Rosencranz is part of the American Association of Physicists in Medicine (AAPM) and is certified by the American Board of Radiology (ABR). For more information about Texas Oncology or medical physics, visit www.texasoncology.com/ or www.aapm.org/.
Congratulations to Dana Rosencranz and team on this achievement!
By Courtney McNeal, eParisExtra
Shawntel Golden defeated Susan Flanary-Turner for district clerk in Lamar County’s Republican Primary on Tuesday, and incumbent Keith Mitchell defeated longtime Lamar County Sheriff to retain his seat as county commissioner for Precinct 4.
Three other races won’t be decided until a May 27 runoff because none of the three candidates in those races garnered a clearn majority.
And with 61 of 90 voting boxes in, State Rep. George Lavendar was trailing Gary Van Deaver, who was riding a wave of teachers’ support in the four-county district of Bowie, Franklin, Red River and Lamar counties. All the votes were in from Lamar, Red River and Franklin, and that’s Lavendar’s home turf. He is from Texarkana.
Van Deaver outpolled Lavendar 2,977 to 1, 966 in Lamar County, 1,240 to 367 in Red River County and 742 to 619 in Franklin County. Lavendar was carrying his Bowie County 2,542 to 2,114. As of 12:45 a.m. today, Van Deaver had 7,073 votes to 5,494 for Lavendar.
No one got a clear majority in the races for Justice of the Peace, Precinct 5, Place 2; Constable of Precinct 5; or County Commissioner, Precinct 2, so voters will go back to the polls in 12 weeks to decide between the two top vote-getters in each of those races.
No Democratic candidates in Lamar County had challengers.
Winners outright were Shawntel Golden over Susan Flanary-Turner for district clerk and Keith Mitchell, who won re-election over the challenge of longtime former Lamar County Sheriff B.J. McCoy.
Golden jumped to an early lead over Flanary-Turner and stayed there. She earned 78.06 percent of the 5,693 votes cast. Incumbent Marvin Ann Patterson did not seek reelection; she threw her support to Golden, a 17-year employee of hers who has been her chief assistant the past seven years. Patterson’s husband, Lynn Patterson, was Golden’s campaign treasurer.
In the race for Lamar County Precinct 2 commissioner, David Niblett was the leading vote-getter in a three-way race, but failed to get over half the votes, so he will face off against Larry W. Davis in two months for the Republican nomination. Niblett received 48.84 percent of the 649 votes cast, to 25.89 percent for Davis and 25.27 percent for James Dunn.
Davi, an activist in the Tea Party movement, announced during a Republican candidate forum several weeks ago that he was dropping his candidacy and throwing his support to Niblett, but his decision came too late to get his name off the ballot.
Lonnie Layton, the incumbent, ran in the Democratic Primary and will face the Niblett-Davis winner in November.
Mitchell got 52.6 percent of the 1,865 votes against McCoy.
Gene Hobbs and Curtis Garrett will meet in a May runoff for Justice of the Peace of Precinct 5, Place 2, had a wide lead over Garrett and Jesse James Freelen, but didn’t get the clear majority required to win without a runoff.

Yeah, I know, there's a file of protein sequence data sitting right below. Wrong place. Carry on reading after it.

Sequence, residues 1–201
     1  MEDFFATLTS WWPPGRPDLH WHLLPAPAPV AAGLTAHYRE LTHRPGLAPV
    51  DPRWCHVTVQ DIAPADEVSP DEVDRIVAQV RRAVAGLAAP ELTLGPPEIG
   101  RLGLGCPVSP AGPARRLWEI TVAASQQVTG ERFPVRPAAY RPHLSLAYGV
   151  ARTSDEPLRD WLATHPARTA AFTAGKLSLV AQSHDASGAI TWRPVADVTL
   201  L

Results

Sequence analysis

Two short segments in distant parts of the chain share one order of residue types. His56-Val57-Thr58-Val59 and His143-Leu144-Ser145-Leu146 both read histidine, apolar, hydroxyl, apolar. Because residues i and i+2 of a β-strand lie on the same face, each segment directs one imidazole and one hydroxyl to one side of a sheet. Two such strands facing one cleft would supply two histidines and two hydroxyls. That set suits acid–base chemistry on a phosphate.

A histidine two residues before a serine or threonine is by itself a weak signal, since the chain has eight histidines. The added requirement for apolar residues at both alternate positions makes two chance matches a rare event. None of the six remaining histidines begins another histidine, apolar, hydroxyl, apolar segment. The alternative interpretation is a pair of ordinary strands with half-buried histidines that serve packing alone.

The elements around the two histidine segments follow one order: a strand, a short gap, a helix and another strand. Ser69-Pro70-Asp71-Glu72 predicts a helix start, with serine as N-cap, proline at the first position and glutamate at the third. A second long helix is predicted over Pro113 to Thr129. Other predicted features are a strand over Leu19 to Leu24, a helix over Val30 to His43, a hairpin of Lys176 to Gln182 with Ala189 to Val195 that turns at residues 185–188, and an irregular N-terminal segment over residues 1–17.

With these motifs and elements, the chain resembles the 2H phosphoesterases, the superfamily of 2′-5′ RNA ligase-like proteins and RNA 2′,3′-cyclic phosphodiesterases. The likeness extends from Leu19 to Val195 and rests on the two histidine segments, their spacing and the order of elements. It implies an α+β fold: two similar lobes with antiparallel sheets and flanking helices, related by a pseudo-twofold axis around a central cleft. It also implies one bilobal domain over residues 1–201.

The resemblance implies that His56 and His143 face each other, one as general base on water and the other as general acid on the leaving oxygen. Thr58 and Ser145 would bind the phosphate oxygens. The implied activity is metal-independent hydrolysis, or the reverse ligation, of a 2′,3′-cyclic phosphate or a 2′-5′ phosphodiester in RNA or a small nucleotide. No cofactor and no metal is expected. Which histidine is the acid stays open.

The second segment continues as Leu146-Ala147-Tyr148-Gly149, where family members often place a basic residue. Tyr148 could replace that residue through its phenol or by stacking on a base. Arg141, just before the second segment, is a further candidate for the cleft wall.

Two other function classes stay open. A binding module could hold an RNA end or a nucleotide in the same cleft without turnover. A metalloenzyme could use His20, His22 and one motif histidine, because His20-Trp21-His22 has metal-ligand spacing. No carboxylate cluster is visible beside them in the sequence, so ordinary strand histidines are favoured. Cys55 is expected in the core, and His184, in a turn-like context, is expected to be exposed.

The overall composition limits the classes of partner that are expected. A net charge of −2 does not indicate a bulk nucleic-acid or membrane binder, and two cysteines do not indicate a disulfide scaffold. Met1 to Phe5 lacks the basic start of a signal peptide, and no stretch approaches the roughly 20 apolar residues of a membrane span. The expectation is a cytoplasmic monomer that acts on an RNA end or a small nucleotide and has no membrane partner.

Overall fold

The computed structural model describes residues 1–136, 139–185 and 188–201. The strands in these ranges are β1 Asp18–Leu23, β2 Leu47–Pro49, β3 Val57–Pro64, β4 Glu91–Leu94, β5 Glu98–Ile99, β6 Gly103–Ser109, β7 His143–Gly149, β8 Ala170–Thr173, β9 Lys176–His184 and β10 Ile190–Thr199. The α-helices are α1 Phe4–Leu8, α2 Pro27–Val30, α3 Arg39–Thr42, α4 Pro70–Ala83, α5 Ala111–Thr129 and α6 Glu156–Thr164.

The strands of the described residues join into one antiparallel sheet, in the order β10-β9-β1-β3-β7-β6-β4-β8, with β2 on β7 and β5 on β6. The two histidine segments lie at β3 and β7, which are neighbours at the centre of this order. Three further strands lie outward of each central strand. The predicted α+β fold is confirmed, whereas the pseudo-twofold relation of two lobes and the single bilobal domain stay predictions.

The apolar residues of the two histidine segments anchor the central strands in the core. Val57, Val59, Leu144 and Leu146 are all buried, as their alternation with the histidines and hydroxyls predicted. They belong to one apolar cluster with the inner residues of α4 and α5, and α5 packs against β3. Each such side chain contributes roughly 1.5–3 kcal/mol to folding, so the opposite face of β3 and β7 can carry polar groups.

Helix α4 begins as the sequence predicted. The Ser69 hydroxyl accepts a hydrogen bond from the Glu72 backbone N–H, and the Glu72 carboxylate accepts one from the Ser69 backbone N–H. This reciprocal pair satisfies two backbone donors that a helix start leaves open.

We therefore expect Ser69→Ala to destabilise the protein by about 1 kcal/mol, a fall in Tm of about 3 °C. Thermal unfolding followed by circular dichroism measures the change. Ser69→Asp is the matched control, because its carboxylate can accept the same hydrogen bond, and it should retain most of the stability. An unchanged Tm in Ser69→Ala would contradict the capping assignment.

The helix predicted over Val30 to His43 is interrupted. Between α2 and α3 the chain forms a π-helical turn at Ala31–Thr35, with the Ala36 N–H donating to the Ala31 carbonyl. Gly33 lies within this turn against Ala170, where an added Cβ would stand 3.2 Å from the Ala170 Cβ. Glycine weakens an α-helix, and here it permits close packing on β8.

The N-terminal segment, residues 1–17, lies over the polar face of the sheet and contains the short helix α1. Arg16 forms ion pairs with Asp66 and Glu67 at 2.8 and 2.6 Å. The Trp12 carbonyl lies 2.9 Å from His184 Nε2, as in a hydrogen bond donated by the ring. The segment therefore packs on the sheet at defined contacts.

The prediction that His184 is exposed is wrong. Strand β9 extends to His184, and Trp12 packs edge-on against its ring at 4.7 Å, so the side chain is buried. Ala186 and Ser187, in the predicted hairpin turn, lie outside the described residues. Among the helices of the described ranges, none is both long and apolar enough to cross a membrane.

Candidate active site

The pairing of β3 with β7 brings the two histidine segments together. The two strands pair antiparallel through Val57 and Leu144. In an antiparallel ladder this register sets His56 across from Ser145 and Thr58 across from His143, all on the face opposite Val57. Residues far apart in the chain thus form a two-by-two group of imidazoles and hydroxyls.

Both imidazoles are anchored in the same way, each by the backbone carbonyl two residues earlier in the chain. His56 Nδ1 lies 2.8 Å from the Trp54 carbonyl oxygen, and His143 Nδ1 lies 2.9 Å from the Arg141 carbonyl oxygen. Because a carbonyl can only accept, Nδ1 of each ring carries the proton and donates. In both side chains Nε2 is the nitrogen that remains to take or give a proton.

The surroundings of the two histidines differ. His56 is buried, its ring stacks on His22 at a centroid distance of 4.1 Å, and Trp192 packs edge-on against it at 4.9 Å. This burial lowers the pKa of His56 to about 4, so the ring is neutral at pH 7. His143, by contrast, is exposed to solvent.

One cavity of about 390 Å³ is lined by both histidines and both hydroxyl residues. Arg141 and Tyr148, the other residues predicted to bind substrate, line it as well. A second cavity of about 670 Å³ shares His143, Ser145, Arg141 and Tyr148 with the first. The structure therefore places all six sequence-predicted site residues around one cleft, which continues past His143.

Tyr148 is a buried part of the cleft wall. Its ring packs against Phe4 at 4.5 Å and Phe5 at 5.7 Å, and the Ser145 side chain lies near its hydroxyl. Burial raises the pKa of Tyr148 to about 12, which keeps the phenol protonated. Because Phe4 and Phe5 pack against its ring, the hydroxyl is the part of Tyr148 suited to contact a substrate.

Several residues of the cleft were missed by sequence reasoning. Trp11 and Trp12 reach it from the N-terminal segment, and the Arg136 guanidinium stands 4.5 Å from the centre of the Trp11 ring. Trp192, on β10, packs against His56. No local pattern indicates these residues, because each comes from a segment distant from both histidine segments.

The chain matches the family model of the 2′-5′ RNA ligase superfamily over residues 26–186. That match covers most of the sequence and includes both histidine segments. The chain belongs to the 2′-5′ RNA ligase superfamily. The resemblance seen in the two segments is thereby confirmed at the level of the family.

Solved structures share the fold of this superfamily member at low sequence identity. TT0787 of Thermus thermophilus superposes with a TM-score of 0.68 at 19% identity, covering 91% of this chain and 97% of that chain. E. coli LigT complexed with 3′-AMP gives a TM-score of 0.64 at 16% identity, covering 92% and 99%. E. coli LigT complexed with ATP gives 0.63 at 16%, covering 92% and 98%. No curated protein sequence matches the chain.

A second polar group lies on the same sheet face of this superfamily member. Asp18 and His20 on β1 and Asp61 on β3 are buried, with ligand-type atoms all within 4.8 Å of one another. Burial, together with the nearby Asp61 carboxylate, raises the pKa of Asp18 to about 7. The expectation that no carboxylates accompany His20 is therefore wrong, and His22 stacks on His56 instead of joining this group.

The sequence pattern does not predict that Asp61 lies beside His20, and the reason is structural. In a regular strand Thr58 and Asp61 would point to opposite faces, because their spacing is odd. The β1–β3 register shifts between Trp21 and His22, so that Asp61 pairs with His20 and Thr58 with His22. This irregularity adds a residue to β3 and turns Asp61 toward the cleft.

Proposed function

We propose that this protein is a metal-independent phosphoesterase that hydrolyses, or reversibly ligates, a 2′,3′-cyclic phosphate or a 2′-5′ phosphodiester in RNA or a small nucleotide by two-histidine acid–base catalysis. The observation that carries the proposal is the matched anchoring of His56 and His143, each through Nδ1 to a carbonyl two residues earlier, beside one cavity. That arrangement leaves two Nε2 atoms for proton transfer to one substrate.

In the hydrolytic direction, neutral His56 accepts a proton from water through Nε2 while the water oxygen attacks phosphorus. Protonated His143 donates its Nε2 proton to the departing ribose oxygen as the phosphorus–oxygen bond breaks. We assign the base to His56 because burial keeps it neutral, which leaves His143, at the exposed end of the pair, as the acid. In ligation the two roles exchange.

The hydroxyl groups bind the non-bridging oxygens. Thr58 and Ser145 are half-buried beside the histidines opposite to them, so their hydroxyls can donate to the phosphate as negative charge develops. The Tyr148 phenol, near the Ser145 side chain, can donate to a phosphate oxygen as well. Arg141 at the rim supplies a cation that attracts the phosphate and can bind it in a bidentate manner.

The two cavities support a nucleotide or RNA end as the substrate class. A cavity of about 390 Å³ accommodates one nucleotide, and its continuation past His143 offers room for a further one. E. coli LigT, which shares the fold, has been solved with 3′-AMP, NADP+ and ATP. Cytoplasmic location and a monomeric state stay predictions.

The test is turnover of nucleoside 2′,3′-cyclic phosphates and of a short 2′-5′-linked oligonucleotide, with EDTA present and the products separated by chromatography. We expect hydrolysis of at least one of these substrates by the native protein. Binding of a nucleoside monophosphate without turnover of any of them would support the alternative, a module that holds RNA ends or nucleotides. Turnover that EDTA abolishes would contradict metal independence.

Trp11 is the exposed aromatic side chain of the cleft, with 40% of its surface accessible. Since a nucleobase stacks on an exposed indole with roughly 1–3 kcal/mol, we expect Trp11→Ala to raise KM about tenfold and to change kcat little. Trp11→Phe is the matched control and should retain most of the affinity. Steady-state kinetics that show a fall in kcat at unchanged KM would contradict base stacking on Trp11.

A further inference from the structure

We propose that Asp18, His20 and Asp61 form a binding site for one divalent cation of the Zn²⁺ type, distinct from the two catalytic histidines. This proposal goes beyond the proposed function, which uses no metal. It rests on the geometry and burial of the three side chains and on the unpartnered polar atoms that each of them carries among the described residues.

Hobbs, the incumbent after being named by county commissioners in September 2012 to succeed Ernie Sparks following his retirement, got 41.69 percent of the vote to 29.44 percent for Garrett and 28.86 percent for Freelen out of 2,775 votes cast.
In the Precinct 5 constable race, incumbent Jimmy Hodges also is facing a runoff. He got 47.81 percent of the vote to 30.38 percent Gerry Don Hines and 21.81 percent for Jimmy Don Clark. So it’s a runoff between Hodges and Hines.
A total of 6,522 of the 28,698 registered voters in Lamar County cast ballots, a voter turnout of 22.73 percent.
Several Republican races only had one candidate in the primary, including Mike Malone for county judge, Bill Harris for county court at law judge, Kathy Marlowe for county clerk, Melanie Clifford for treasurer, Don Denison for Precinct 1 justice of the peace, Crystal N. Duke for Precinct 2 JP, Tim Risinger for Precinct 3 JP, and Ken Ruthart for Precinct 4 JP.
None of the Democrat candidates had challengers with incumbent Shirley Fults running for treasurer, incumbent Chuck Superville for county judge and Precinct 2 Commissioner Lonnie Layton seeking to retain his seat.
The races for county judge and Precinct 2 commissioner will be decided during November’s general election.
Here are the Lamar County vote totals in the contested races in the Republican Primary:
DISTRICT CLERK — Shawntel Golden 4,444 (78.06%), Susan Flanary-Turner 1,249 (21.94%). (Golden wins election.)
COUNTY COMMISSIONER, PRECINCT 2: David Niblett 317 (48.84%), Larry W. Davis 168 (25.89%), James Dunn 164 (25.27%). (Niblett and Davis will meet in May 27 runoff)
COUNTY COMMISSIONER, PRECINCT 4: Keith Mitchell 981 (52.60%), Billy Joe (B.J.) McCoy 981 (47.40%). (Mitchell wins election.)
JUSTICE OF THE PEACE, PRECINCT 5, PLACE 2 — Gene C. Hobbs Jr. 1,157 (41.69%), Curtis Garrett 817 (29.44%), Jesse James Freelen 801 (28.86%). (Hobbs and Garrett will meet in May 27 runoff.)
CONSTABLE, PRECINCT 5 – Jimmy Hodges 1,177 (47.81%), Gerry Don Hines 748 (30.38%), Jimmy Don Clark 537 (21.81%). (Hodges and Hines will meet in May 27 runoff).
STATE REPRESENTATIVE – Gary Van Deaver 2,977 (60.22%), George Lavendar 1,966 (39.77%). Van Deaver also was leading in the four-county district, with 29 of 36 voting boxes in Lavendar’s home county of Bowie County still out. As of 12:45 a.m. today, Van Deaver led 7,073 (56.29%) to 5,494 (43.72%).